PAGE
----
Mumbai Diary: Sunday Dossier

Nov 01, 2015, 07:05 IST | Clayton Murzello, Hemal Ashar, Aastha Atray Banan, Benita Fernando and Anju Maskeri

The city — sliced, diced and served with a dash of sauce

Andy Roberts rocks to 1974-75 beat
Erstwhile West Indies fast bowler, now Sir Andy Roberts, was in for a surprise recently when a friend from Mumbai informed him that there is footage of him in the Films Division archives bowling West Indies to a 3-2 series victory over India in 1974-75.

Antiguan Andy Roberts during the West Indies’ 1974-75 tour of India. Pic/MIDDAY Archives
Antiguan Andy Roberts during the West Indies’ 1974-75 tour of India. Pic/MIDDAY Archives

Roberts couldn’t believe his ears and exclaimed, “I didn’t even know the matches were televised.” The Antiguan couldn’t wait to see himself as a 24-year-old fast bowler at the peak of his pace. He took 32 wickets in that series, the best of his spells coming in the Chennai Test in which he claimed 12 wickets albeit for a losing cause.

Roberts rose in popularity in India after that series and also figured in a conversation in the movie Amar Akbar Anthony when ‘police inspector’ Vinod Khanna asks Amitabh Bachchan the whereabouts of Robert (the villain in the film). Bachchan then tells him ‘fast bowler Andy Robert’ (sic) left India after the series and didn’t even meet him before he left.

The DVD was couriered to Antigua and Roberts was soon in front of his screen reliving those great moments. Anderson Montgomery Everton Roberts was one of the most expressionless fast bowlers to play the game, but we promise you he’s smiling in Antigua right now.

Shake this gold
There is a millionare milkshake made of a 24K edible gold leaf, with Godiva, Patchi and Royal chocolates, in town now! Food enthusiasts Tina Bakshi and chef Rahul Ramnani in Lokhandwala, have set up Milkshake & Co, a bar and diner that has a curated menu of over 20 flavours.

“It’s a fat kid’s joint. We use three per cent fat milk and whipped cream,” says Bakshi, who has modelled the decor on the lines of an American diner. Make sure you take Betty and Veronica along.

Boom! say the Basrai bros
Architecture superheroes Ayaz and Zameer Basrai are speculating on changing the city, and that too with predictions.

Ayaz Basrai
Ayaz Basrai

The brothers, behind the interiors of some of the city’s most popular eateries inlcuding Salt Water Cafe, have been working on ‘Bombay Boomtown’ and spinning faux news, some utopian and some dystopian, on social media “to challenge established views on development.” But the boys know how to spike seriousness with funk.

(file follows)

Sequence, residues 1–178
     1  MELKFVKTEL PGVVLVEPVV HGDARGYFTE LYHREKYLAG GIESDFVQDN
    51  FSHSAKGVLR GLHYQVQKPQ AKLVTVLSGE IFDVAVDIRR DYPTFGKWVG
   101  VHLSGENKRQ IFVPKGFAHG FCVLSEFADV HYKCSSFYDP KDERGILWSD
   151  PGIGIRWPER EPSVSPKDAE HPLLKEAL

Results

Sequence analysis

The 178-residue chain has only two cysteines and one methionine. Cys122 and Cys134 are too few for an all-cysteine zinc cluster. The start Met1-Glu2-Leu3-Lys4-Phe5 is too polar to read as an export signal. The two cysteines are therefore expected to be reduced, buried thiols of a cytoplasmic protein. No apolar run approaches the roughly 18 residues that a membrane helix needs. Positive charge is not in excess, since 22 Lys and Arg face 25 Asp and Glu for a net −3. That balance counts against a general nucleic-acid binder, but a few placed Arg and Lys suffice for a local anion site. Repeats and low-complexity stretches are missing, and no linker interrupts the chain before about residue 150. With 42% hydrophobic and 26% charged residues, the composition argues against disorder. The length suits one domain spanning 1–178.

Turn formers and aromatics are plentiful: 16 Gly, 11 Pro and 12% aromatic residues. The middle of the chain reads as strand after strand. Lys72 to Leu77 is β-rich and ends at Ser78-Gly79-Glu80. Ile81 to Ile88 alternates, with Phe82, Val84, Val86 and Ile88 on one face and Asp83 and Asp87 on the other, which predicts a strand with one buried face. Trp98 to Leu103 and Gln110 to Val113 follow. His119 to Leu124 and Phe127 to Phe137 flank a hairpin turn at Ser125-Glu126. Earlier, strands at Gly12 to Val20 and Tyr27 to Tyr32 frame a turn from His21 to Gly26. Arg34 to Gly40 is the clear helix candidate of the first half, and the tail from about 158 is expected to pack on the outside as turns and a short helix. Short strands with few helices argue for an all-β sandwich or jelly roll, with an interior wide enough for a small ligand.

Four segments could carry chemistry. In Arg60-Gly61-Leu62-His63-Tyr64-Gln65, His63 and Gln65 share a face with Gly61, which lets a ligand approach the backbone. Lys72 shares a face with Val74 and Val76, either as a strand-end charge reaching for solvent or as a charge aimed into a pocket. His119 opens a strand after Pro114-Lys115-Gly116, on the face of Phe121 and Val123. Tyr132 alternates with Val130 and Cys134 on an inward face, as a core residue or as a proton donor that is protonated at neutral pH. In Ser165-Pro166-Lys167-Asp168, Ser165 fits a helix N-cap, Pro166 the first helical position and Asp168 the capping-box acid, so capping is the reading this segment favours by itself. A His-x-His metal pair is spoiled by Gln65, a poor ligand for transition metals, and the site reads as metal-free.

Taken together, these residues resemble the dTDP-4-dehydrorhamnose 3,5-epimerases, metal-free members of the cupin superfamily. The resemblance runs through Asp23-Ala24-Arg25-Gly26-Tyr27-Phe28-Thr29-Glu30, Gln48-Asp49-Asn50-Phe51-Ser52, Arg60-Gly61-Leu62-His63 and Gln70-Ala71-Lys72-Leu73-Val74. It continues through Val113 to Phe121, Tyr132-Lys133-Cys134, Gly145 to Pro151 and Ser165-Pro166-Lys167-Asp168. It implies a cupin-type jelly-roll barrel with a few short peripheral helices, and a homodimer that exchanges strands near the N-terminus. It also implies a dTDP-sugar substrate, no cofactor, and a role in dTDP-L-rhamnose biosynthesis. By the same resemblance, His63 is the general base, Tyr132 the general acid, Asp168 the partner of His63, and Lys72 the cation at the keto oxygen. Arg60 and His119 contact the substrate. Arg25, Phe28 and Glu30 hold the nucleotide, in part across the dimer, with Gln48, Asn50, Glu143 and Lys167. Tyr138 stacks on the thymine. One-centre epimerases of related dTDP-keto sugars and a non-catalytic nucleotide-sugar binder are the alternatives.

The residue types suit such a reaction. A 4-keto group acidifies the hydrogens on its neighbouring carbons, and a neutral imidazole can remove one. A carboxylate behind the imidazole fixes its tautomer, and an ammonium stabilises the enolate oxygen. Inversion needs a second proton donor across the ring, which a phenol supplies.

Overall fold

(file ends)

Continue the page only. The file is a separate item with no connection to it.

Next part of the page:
Think tetrapods which double up as tidal energy harvesters to power Marine Drive’s lights or scuba-pilgrimages to Haji Ali Dargah. Partnering with students from the National Institute of Design (NID), Ayaz said, “We believe that city problems are issues of myopia, where we’re not looking at longer horizons. The idea is to spread the love.”

A not-so-Zen Jap bike maestro
Kaichiroh Kurosu (in pic), well-known Japanese custom bike builder, who was down to judge a custom bike building competition organised by Harley Davidson, seemed at home in hot Mumbai on Friday noon.

Kaichiroh Kurosu
Kaichiroh Kurosu

He was telling us that the only way to make sure that each bike he modifies is drastically different from another is to build them by hand. “That’s the only way they retain individuality. Everything machine-made looks the same.”

When we asked him that since the Japanese people are calm, is bike building akin to meditation for him, he laughed, “No way. It’s stressful; there is a lot of hard work that goes into this. But the five minutes of happiness I feel when it’s over, makes it all worth it!”

From UK to India, let the dils unite
Ex-Wall Street trader KJ Dhaliwal (in pic) realised that Indians everywhere want to get married to Indians, just like him. And so he launched Dil Mil, a dating app that’s very different from Tinder, he says.

KJ Dhaliwal
KJ Dhaliwal

“This is not about casual hook ups. This is about long-term relationships, leading up to getting hitched.” The app, just launched in India and already functional in the UK and the States, works better for women than men, he thinks.

“Our algorithms work in such a way that men are filtered down to the crème de la crème. We keep the best, in regards to education, looks, social status (as that matters in India), and money.” Ladies, take note.

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